Bleeding during pregnancy

Does bleeding during pregnancy always mean there is a problem?

Vaginal bleeding during pregnancy has many causes. Some are serious, whereas others are not. Bleeding can occur early or later in pregnancy. Bleeding in early pregnancy is common. In many cases, it does not signal a major problem. Bleeding later in pregnancy can be more serious. It is best to contact your obstetrician-gynecologist (ob-gyn) or other health care professional if you have any bleeding at any time during pregnancy.

How common is bleeding during pregnancy?

Bleeding in the first trimester happens to about 15–25% of pregnant women. Light bleeding or spotting can occur 1–2 weeks after fertilization when the fertilized egg implants in the lining of the uterus. The cervix may bleed more easily during pregnancy because more blood vessels are developing in this area. It is not uncommon to have spotting or light bleeding after sexual intercourse or after a Pap test or pelvic exam.

What′s an early pregnancy loss?

Loss of a pregnancy during the first 13 weeks of pregnancy is called early pregnancy loss or miscarriage. It happens in about 10% of known pregnancies. Bleeding and cramping are signs of early pregnancy loss. However, about one half of women who have a miscarriage do not have any bleeding beforehand.

If you have had an early pregnancy loss, some of the pregnancy tissue may be left in the uterus. This tissue needs to be removed. You can allow the tissue to pass naturally, or it can be removed with medication or surgery.

What problems can cause bleeding later in pregnancy?

Common problems that may cause light bleeding later in pregnancy include inflammation of or growths on the cervix. Heavy bleeding is a more serious sign. Heavy bleeding may be caused by a problem with the placenta. Any amount of bleeding also may signal preterm labor. If you have any bleeding late in pregnancy, contact your ob-gyn right away or go immediately to the hospital.

Placental Abruption Placenta Previa Placenta Accreta
In placental abruption, the placenta detaches from the wall of the uterus before or during birth. The most common signs and symptoms are vaginal bleeding and abdominal or back pain. Placental abruption can cause serious complications if it is not found early. The fetus may not get enough oxygen, and the pregnant woman can lose a large amount of blood.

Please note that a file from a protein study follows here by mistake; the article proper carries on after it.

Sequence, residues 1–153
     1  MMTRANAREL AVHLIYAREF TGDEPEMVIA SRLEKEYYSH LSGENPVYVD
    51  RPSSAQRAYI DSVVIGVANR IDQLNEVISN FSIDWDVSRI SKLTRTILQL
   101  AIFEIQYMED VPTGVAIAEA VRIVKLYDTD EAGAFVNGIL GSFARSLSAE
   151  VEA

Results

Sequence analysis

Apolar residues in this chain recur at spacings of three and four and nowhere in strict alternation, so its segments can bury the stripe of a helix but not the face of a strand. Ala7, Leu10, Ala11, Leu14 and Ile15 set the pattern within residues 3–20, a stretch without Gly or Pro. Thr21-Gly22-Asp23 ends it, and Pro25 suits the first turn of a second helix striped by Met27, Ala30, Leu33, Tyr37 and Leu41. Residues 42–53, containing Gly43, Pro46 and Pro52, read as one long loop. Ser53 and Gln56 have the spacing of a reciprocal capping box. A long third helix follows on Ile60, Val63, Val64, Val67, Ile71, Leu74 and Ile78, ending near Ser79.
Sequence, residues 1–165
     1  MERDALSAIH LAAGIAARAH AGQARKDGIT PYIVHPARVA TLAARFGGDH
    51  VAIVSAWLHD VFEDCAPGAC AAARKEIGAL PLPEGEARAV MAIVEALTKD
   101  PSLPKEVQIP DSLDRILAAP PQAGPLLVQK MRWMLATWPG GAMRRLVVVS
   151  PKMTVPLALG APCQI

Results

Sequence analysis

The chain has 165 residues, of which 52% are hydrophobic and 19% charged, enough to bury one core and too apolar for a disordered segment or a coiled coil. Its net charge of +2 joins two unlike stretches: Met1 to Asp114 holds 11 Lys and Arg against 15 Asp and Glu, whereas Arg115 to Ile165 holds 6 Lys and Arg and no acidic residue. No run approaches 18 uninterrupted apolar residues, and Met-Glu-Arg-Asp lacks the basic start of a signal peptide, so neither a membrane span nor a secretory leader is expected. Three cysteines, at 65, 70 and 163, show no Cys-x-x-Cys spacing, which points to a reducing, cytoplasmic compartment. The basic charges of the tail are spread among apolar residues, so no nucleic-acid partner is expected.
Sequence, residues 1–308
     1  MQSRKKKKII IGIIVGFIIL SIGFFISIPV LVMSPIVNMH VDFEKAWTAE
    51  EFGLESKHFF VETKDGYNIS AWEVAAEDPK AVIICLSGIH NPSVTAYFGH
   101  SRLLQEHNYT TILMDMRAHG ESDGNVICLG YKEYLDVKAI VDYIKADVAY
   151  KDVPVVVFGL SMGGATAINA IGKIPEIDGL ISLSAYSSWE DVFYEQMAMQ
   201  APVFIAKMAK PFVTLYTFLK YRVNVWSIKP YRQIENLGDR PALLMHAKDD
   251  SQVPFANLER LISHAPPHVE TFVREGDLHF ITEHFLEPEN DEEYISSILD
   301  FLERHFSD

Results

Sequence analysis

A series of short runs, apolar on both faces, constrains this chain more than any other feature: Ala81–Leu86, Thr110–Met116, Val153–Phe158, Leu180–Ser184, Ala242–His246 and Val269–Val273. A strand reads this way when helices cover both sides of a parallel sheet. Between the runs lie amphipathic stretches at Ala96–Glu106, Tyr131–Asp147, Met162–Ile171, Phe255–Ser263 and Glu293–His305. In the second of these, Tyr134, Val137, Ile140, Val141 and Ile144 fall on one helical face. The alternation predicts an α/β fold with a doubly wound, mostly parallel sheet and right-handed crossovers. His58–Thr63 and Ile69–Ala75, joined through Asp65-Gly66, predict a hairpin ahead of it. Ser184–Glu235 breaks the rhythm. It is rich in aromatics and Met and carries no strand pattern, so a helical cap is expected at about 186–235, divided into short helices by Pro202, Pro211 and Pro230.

When the placenta lies low in the uterus, it may partly or completely cover the cervix. This is called placenta previa. It may cause vaginal bleeding. This type of bleeding often occurs without pain. Some types of placenta previa resolve on their own by 32–35 weeks of pregnancy as the lower part of the uterus stretches and thins out. Labor and delivery then can happen normally. If placenta previa does not resolve, you may need to have the baby early by cesarean delivery.

When the placenta (or part of the placenta) invades and is inseparable from the uterine wall, it is called placenta accreta. Placenta accreta can cause bleeding during the third trimester and severe blood loss during delivery. Most cases can be found during pregnancy with a routine ultrasound exam. Sometimes, though, it is not discovered until after the baby is born. If you have placenta accreta, you are at risk of life-threatening blood loss during delivery. Your ob-gyn will plan your delivery carefully and make sure that all needed resources are available. You may need to have your baby at a hospital that specializes in this complication. Hysterectomy often needs to be done right after delivery to prevent life-threatening blood loss.

Blog Source: ACOG

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